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The truth about Runnr

(I wrote this last February 14, 2011.)

Gait analysis (like this one in Runnr) helps a runner determine his foot type  and foot strike.  (source: http://www.runnr.com.ph/footworx/)
I finally got inside Runnr (BHS).

Being one of the only two stores in the country (the other one’s in Cebu), I find this specialty store elusive.

It was a dream came true – I felt so blessed for accomplishing a lot in the first one and a half month of the year.

I felt like I am now more ready to face all terrains once I got inside.

The one thing that I have been waiting happened – undergoing footwork scanning and gait analysis.

Footwork scanning guides a runner to identify his feet type, while gait analysis would be able to check how he really runs – and eventually would aid in choosing the right shoe.

With some assistance from one of the Runnr staffs, I stepped on a big pair of feet beside the treadmill for the footwork scanning. I was asked to stay there for thirty seconds (barefoot).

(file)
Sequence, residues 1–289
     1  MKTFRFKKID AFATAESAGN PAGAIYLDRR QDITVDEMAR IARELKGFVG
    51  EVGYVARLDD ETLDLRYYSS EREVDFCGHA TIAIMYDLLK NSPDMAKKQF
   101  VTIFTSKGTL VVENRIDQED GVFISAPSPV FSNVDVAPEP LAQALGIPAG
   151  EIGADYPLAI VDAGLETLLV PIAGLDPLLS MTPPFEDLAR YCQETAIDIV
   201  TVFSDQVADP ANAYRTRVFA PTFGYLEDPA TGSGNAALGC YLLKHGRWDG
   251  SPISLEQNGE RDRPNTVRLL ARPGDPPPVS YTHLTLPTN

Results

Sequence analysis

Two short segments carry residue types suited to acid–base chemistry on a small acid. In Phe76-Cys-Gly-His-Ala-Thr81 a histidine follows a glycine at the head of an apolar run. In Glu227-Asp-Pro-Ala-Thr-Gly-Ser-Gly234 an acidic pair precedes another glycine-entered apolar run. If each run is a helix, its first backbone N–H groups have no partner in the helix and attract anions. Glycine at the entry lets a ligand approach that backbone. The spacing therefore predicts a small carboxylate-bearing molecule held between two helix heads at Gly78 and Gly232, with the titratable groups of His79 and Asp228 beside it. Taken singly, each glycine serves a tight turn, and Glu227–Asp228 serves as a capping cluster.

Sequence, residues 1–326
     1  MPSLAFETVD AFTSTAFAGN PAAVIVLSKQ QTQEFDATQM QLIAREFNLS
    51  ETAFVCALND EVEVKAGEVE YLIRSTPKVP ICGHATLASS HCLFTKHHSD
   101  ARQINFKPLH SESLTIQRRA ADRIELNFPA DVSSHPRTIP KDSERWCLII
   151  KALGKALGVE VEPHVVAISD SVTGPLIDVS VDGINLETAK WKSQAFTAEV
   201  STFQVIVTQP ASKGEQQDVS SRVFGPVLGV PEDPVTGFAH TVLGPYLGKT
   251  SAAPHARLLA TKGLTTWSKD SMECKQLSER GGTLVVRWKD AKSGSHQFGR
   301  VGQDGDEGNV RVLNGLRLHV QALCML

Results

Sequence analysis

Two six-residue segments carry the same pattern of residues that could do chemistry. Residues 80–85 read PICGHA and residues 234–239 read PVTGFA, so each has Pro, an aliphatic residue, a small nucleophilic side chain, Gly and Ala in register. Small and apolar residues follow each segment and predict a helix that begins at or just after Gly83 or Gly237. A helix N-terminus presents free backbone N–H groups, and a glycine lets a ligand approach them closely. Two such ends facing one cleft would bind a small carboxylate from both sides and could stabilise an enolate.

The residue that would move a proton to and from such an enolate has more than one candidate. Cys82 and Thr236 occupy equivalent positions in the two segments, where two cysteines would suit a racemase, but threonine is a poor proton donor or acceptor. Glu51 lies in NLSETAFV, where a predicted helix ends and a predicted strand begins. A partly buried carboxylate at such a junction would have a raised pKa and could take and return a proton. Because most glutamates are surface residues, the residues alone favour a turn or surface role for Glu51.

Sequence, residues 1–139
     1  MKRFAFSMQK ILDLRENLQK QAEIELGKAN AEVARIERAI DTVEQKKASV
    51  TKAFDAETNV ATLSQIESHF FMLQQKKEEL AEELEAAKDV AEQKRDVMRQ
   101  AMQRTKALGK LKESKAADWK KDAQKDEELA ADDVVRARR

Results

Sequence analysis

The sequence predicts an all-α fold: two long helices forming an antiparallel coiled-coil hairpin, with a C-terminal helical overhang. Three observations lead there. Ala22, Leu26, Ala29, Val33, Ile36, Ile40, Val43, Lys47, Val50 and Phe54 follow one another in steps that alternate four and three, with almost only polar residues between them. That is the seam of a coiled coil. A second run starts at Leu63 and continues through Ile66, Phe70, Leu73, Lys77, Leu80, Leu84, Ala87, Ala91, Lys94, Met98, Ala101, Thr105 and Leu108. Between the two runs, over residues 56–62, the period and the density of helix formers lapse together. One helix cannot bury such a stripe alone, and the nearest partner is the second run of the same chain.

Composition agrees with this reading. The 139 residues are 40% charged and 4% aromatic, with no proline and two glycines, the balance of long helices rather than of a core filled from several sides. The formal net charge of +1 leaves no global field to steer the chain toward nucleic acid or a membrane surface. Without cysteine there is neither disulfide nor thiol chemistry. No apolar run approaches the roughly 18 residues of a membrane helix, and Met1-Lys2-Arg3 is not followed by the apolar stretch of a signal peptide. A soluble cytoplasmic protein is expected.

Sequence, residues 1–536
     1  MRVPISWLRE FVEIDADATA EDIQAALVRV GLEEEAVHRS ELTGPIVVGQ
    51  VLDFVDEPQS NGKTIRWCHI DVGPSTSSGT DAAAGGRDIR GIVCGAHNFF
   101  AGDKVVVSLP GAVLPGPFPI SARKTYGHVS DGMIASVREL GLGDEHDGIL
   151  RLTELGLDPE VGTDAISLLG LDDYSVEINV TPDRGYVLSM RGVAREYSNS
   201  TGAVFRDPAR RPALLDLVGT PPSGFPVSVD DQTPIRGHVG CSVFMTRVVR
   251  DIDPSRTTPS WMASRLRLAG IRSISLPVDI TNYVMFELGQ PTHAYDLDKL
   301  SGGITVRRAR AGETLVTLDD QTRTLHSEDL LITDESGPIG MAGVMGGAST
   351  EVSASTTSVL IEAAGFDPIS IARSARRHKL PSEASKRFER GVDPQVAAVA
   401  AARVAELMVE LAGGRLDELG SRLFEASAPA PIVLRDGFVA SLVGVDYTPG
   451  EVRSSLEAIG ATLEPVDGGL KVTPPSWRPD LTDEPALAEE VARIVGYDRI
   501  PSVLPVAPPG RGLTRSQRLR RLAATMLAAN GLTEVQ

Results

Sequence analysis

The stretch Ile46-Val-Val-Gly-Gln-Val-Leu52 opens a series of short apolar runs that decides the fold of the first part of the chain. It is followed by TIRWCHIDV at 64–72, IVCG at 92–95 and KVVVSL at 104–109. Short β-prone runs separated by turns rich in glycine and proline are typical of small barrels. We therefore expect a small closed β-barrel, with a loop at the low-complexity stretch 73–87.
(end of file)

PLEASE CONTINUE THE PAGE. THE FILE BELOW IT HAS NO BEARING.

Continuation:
First surprise: my foot is medium arched. I thought I was flat footed.

Second surprise came during the gait analysis.

I was asked to run for fifteen seconds (thank goodness that it was only for a short time, as I don’t fancy running in mills). As I ran, a computer recorded the movement of my feet.

Second surprise: when I watched the replay, I saw my right foot – it was overpronated! To the max!

Aarrgh! It was like watching a nightmare.

All smiles. Finally!


You should have seen my right foot (darn how I wished I got to take a shot of it). It looked like it was broken. I realized that’s how it looks like every time I run!

I’m thankful that my left foot do not overpronate much.

But the nightmare has been etched on my mind. I can now say that the lower back pain that I had months ago could be blamed on this. It has to be corrected.

As a medium- arched cutie (sorry I had to add that; I need to move on from the nightmare), I should be wearing stability shoes. When the Runnr staff checked my Avia shoes, I realized that I have been wearing motion control.

And so I decided to check some stability shoes. The Runnr staff politely gave me some recommended shoes, with two models that I got to try while running on the treadmill. I hope to go back for my chosen pair soon.

It was really one nightmare after the other (and it was high noon!). But visiting Runnr helped me realize that if I’m going to do this running for the, err, long run, I need to go for the correct running shoe, run with them, and be happy running.

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